Needless to say, there’ll be major studies of the new planet. For now, they’ll be limited to ground-based and near-Earth space-based instruments. Could we send a probe? Absolutely. But remember that distance – Proxima might be the closest star besides the Sun, but it’s still more than 8000 times further away than Pluto – and it took New Horizons, the fastest object ever made by humanity, 11 years just to get to Pluto.
There’s a project under way to build interstellar micro-probes the size of a postage stamp that could get there more quickly, towed by light-sails driven by Earth-based laser beams. Nobody knows exactly how yet, though. One challenge, apparently, is stopping them being eroded by interstellar particles as they plough through space at 20 percent the speed of light. I suspect there could also be adventures getting them to ‘phone home’ using the kind of transmitters you can fit on a micro-chip. So it’s not a quick project – 20-30 years to raise the funds and build the tech, another 20-25 years to fly there, and 4.24 years for the signals to come back. I bet that for all the technical challenges, the real hurdle will be funding.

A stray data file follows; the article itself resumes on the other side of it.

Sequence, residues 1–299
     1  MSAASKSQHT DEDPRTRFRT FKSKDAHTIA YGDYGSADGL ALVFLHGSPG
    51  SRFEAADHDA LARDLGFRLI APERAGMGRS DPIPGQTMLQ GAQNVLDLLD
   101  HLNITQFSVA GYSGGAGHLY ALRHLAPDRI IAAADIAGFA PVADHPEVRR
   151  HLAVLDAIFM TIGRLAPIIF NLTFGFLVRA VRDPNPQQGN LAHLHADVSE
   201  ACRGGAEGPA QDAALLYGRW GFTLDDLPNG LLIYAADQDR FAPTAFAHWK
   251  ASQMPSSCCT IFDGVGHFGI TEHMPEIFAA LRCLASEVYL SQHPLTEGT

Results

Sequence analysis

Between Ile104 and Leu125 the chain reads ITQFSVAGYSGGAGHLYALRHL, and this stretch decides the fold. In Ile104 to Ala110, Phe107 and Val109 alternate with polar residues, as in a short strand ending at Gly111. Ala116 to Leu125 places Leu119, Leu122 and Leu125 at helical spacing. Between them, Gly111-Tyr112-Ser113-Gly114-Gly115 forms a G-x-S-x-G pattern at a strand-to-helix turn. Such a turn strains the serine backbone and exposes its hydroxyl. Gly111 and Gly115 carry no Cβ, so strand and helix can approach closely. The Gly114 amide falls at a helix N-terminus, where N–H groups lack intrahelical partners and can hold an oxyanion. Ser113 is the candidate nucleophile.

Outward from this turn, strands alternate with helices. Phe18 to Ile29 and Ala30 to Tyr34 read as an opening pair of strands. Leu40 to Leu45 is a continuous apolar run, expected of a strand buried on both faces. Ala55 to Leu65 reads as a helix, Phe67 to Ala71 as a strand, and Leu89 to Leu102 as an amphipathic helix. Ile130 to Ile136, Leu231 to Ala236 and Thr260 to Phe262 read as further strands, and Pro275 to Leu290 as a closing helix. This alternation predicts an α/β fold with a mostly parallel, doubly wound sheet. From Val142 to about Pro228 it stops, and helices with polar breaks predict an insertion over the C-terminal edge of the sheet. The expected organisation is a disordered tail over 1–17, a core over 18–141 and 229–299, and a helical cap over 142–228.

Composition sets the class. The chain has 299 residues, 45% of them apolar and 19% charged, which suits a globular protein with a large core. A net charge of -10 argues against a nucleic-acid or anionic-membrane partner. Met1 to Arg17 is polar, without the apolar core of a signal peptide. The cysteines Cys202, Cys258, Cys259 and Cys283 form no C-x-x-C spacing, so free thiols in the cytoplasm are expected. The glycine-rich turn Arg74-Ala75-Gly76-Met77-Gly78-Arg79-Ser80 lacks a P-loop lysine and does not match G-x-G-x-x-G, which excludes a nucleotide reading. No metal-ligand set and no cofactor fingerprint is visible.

Meanwhile, it’s all eyes on Proxima. I won’t speculate as to what the planet might be like – but if you want to check out my fictional take on other star systems and aliens, it’s in my novella ‘Missionary’.
Copyright © Matthew Wright 2016